Once again I must write objecting to gross inaccuracy in the New York Times’ reporting on Iran. In today’s paper ( “In Bold Step, Europe Nears Embargo on Iran Oil” January 5, 2012), Steven Erlanger writes: “a recent assessment by the International Atomic Energy agency that Iran’s nuclear program has a military objective . . .” In fact the IAEA said no such thing. Their most recent report stated that they “could not rule out a military objective.” That is a far cry from stating their conclusion as hard fact.
A number of us who are deeply concerned about this matter recently obtained a retraction from the MinneapolisStar-Tribune on exactly this point, and the New York Times should follow suit. This is not a mere quibble. There is no proof that Iran has a military nuclear program, and asserting that it does, or reporting inaccurately on others’ assertions has serious consequences for foreign policy–particularly as many parties are ginning up some kind of military attack on Iran and use these kinds of statements from the Times as evidence justifying these moves. There is no excuse for this kind of inaccuracy in reporting.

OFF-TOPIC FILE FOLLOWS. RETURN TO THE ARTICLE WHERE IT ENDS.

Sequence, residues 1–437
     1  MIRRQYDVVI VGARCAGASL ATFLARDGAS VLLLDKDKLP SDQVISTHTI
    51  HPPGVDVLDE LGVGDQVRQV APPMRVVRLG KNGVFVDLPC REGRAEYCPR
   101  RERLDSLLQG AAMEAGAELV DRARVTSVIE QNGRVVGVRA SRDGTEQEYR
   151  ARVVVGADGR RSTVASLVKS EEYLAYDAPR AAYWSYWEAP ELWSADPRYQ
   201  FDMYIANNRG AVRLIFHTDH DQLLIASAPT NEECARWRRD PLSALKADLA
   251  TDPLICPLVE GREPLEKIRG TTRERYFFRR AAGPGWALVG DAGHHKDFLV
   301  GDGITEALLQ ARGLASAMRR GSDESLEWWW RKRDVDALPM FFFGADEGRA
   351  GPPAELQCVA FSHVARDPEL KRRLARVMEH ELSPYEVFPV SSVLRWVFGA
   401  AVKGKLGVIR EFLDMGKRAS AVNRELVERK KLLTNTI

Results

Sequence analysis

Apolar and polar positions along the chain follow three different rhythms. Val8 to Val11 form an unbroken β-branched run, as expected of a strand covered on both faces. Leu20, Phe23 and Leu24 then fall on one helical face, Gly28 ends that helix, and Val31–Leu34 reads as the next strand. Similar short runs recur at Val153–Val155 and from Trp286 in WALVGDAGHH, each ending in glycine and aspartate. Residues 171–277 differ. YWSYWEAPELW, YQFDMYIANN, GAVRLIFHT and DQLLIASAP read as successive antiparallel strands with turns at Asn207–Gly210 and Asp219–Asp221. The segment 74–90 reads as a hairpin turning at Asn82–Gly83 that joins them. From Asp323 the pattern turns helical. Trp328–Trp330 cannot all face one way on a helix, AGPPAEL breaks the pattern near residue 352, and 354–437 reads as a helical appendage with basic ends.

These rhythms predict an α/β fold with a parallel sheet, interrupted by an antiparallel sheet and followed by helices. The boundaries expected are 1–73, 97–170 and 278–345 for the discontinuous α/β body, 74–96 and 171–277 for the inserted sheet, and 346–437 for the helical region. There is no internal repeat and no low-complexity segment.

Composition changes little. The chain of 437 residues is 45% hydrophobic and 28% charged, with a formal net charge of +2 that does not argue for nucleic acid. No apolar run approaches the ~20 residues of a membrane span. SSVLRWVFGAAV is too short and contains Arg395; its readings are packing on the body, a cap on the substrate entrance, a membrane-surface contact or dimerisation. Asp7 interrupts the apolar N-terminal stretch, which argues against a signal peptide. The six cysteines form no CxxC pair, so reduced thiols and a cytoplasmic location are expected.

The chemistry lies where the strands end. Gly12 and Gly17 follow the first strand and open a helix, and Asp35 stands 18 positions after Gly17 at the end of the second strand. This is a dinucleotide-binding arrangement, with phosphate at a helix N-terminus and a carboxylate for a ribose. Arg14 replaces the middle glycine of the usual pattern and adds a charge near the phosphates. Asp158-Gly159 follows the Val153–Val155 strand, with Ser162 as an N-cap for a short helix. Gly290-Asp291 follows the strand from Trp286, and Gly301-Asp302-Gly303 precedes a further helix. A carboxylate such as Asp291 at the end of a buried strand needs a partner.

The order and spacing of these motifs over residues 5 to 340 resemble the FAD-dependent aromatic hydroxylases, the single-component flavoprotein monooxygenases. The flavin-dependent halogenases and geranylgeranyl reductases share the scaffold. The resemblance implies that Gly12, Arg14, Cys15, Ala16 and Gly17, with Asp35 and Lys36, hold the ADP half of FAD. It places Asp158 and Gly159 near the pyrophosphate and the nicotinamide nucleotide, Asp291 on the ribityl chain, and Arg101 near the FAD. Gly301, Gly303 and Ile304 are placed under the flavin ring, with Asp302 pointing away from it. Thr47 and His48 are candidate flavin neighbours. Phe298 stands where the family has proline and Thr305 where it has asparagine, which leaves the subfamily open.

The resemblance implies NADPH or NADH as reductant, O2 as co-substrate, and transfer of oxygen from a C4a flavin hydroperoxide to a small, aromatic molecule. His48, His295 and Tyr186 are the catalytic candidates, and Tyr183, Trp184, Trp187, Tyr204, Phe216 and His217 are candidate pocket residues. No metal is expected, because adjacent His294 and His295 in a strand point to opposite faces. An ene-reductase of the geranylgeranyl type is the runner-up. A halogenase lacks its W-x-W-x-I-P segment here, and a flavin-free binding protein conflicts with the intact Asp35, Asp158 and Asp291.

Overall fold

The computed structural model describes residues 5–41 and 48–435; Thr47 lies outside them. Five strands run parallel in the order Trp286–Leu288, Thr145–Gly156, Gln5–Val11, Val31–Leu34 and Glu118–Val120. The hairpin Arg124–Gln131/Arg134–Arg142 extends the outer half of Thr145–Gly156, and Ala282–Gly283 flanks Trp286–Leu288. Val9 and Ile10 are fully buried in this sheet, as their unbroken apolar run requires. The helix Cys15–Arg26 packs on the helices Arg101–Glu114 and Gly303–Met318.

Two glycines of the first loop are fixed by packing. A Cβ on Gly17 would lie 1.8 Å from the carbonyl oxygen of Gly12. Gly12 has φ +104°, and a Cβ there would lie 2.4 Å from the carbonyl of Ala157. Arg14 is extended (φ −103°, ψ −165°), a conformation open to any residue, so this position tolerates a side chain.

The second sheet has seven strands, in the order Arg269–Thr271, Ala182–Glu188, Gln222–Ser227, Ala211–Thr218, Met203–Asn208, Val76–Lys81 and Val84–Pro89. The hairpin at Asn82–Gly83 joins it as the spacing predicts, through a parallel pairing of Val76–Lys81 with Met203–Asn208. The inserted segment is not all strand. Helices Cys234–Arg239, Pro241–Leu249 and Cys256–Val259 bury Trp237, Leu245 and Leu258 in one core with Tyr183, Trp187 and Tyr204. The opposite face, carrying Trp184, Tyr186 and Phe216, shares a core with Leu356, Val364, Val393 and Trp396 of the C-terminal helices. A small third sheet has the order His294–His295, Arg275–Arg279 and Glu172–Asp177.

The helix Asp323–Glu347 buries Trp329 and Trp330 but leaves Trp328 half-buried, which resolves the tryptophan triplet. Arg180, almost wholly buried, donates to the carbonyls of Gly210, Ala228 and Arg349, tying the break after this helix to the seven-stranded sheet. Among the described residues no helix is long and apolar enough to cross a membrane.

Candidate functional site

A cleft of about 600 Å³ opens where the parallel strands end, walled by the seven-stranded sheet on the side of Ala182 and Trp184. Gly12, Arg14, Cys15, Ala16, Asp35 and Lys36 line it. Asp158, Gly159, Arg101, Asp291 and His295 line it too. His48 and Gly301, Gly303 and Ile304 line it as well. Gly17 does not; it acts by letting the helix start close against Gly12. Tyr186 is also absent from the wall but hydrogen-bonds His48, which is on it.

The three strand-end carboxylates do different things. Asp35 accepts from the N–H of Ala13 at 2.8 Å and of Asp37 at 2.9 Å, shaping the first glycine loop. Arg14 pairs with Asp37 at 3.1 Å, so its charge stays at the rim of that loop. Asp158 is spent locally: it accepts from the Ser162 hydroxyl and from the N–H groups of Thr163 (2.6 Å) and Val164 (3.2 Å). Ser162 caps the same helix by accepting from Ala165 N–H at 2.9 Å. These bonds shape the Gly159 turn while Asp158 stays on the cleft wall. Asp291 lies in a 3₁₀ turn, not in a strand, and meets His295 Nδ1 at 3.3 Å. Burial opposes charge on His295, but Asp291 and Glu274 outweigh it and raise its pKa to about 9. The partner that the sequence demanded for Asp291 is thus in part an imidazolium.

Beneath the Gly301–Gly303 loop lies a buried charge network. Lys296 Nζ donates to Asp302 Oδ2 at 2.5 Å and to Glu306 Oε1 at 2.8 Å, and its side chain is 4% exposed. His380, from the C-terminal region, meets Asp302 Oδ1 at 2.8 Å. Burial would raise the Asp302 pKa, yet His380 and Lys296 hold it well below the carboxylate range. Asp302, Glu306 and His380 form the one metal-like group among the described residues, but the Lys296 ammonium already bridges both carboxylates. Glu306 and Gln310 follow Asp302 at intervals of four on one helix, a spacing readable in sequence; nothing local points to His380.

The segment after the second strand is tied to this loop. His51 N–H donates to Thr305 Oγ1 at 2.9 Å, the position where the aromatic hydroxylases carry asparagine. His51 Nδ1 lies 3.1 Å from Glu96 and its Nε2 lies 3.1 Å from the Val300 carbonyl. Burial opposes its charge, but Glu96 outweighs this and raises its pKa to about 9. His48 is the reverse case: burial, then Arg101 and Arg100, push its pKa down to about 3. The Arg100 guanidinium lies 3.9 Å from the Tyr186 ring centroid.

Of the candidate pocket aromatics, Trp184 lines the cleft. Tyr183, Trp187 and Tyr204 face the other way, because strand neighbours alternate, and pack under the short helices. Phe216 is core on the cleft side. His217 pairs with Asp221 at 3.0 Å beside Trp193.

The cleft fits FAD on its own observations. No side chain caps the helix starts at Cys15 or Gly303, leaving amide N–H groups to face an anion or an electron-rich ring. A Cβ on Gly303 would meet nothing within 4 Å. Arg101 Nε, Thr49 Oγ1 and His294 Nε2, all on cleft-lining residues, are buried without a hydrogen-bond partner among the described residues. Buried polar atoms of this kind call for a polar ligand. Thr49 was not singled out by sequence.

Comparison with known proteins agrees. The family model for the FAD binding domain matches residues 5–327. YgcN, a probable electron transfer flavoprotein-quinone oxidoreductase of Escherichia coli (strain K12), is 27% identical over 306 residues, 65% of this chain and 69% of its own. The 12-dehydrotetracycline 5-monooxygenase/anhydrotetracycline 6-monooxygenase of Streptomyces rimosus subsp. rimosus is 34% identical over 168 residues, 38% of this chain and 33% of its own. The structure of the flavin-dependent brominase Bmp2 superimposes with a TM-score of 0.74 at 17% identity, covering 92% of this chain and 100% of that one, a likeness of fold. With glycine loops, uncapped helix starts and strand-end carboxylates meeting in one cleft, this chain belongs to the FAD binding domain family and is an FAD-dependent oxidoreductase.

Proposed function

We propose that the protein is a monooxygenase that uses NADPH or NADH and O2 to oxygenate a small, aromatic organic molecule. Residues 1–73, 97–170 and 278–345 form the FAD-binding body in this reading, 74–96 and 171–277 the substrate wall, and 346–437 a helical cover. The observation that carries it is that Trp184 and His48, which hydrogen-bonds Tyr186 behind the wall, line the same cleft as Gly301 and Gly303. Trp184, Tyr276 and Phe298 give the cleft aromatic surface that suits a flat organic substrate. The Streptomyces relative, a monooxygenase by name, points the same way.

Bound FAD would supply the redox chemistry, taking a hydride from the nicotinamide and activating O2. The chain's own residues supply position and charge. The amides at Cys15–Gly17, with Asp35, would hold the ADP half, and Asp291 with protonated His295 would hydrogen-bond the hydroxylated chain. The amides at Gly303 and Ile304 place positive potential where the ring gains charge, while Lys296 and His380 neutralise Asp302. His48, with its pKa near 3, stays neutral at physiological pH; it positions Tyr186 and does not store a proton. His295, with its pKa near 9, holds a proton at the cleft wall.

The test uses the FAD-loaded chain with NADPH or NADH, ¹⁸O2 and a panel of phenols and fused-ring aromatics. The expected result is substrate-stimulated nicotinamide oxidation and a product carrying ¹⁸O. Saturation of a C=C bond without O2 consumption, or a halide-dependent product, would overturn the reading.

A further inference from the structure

Sincerely, WilliamO.Beeman Professor and Chair, Department of Anthropology University of Minnesota, 395 HHH Center 301 19th Avenue S.,Minneapolis,MN 55455 (612) 625-3400, firstname.lastname@example.org
In two articles yesterday (1/5/12), the New York Times misled readers about the state of Iran’s nuclear program.